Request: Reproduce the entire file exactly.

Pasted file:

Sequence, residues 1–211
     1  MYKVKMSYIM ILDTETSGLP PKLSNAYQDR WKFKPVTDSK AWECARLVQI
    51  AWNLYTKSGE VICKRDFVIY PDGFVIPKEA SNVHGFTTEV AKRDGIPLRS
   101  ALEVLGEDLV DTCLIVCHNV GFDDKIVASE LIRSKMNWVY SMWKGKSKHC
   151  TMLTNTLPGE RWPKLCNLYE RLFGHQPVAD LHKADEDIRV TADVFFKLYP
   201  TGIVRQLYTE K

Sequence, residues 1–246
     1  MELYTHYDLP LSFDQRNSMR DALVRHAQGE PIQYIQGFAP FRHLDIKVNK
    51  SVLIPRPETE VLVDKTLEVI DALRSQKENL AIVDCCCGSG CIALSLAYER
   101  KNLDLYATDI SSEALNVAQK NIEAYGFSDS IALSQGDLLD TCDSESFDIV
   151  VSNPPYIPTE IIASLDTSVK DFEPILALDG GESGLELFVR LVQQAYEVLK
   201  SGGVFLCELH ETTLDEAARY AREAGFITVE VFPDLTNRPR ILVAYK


Sequence, residues 1–211
     1  MYKVKMSYIM ILDTETSGLP PKLSNAYQDR WKFKPVTDSK AWECARLVQI
    51  AWNLYTKSGE VICKRDFVIY PDGFVIPKEA SNVHGFTTEV AKRDGIPLRS
   101  ALEVLGEDLV DTCLIVCHNV GFDDKIVASE LIRSKMNWVY SMWKGKSKHC
   151  TMLTNTLPGE RWPKLCNLYE RLFGHQPVAD LHKADEDIRV TADVFFKLYP
   201  TGIVRQLYTE K

Sequence, residues 1–246
     1  MELYTHYDLP LSFDQRNSMR DALVRHAQGE PIQYIQGFAP FRHLDIKVNK
    51  SVLIPRPETE VLVDKTLEVI DALRSQKENL AIVDCCCGSG CIALSLAYER
   101  KNLDLYATDI SSEALNVAQK NIEAYGFSDS IALSQGDLLD TCDSESFDIV
   151  VSNPPYIPTE IIASLDTSVK DFEPILALDG GESGLELFVR LVQQAYEVLK
   201  SGGVFLCELH ETTLDEAARY AREAGFITVE VFPDLTNRPR ILVAYK